And Carry On

When the news feed on your phone explodes with headlines publicizing yet another mass killing, or the attempt of one, anxiety-laced reactions of fear that the bonds of a civil society are fractured and dissolving are not uncommon. Yet while a certain truth may seem incongruent at a moment like that, it should also be reiterated: we are living in the safest time in history.

It might not feel that way, but a cold hard look at the numbers reveal it to be true. “Terrorism is a unique hazard because it combines major dread with minor harm,” says Canadian-American cognitive scientist Steven Pinker in his new book Enlightenment Now: The Case for Reason, Science, Humanism, and Progress. “Historical trends, like the current numbers, belie the fear that we are living in newly dangerous times, particularly in the West.”

Pinker’s exhaustive analysis of the data yields some realities that don’t match the demands that 24-hour news cycles operate on. “Mass killings are media-driven spectacles in which coverage inspires copycats, so [numbers] can yo-yo up and down as one event inspires another until the novelty wears off for a while,” he says, but in truth we actually have more of a chance of dying from lightning strikes or bee stings than actual terrorist attacks.

“Though terrorism poses a miniscule danger compared with other risks, it creates outsize panic and hysteria because that is what it is designed to do. Modern terrorism is a by-product of the vast outreach of the media,” says Pinker. “A group or an individual seeks a slice of the world’s attention by the one guaranteed means of attracting it: killing innocent people, especially in circumstances in which readers of the news can imagine themselves.” And nowhere is this more successful than violent acts perpetrated on sidewalks and outdoor cafes, places that we all feel we could be in any given moment.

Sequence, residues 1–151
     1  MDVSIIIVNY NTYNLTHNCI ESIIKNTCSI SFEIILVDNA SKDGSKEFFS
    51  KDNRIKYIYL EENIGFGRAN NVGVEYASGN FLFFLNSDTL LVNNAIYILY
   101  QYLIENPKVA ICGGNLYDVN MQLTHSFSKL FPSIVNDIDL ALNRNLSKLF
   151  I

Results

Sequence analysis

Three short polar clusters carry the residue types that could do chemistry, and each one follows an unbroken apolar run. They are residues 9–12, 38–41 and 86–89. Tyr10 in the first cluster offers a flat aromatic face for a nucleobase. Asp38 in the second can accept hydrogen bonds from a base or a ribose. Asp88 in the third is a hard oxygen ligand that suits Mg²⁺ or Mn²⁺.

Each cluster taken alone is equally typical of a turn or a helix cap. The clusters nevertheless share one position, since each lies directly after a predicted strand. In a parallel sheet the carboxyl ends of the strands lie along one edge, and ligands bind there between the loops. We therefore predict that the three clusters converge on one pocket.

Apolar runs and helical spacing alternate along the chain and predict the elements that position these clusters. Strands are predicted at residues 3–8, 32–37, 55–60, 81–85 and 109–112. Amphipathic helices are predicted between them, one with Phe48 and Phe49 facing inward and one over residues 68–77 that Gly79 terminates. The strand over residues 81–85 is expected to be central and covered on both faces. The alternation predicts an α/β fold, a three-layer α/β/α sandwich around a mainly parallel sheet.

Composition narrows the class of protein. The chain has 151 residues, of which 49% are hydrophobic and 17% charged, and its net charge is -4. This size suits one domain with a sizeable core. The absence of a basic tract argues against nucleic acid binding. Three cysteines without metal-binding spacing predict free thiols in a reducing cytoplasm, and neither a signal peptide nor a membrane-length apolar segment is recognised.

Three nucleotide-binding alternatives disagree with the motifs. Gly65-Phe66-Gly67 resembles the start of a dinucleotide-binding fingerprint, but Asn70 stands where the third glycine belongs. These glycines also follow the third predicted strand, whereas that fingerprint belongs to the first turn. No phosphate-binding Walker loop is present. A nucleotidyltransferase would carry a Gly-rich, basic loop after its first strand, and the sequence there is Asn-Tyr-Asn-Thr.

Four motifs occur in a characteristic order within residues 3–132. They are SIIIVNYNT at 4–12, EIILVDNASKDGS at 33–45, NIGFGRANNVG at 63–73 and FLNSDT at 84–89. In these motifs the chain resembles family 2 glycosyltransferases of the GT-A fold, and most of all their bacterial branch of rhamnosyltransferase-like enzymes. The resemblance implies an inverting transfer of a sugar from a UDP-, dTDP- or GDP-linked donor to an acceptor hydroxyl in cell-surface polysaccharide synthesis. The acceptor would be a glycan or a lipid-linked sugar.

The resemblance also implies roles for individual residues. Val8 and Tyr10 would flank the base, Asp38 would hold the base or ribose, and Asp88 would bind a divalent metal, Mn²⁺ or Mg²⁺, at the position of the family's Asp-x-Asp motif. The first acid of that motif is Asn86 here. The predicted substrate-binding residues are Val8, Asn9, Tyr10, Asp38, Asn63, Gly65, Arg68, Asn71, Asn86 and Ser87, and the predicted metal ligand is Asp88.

While it may not soothe our unease being reminded that killers tend to be loners and losers, many with untreated mental illness, who are consumed with resentment and fantasize about revenge and recognition, “the rise of terrorism in public awareness is not a sign of how dangerous the world has become but the opposite,” says Pinker.

Yet sadly these actions have consequences, as the frayed-nerves of a citizenry inevitably influence the policies of decision-makers. As states try to carry out the impossible mandate of protecting their citizens from violence everywhere and at all time, “they are tempted to respond with theater of their own,” says Pinker. “The most damaging effect of terrorism is countries’ overreaction to it.”

I am by no means suggesting that makers of the built environment should do nothing: security must of course be taken seriously when planning and designing the public realm. A reinstatement of those famous British wartime posters is probably not the answer, but neither are permanent installations of Jersey barriers around every piece of public architecture. A calm civil society deserves better solutions.

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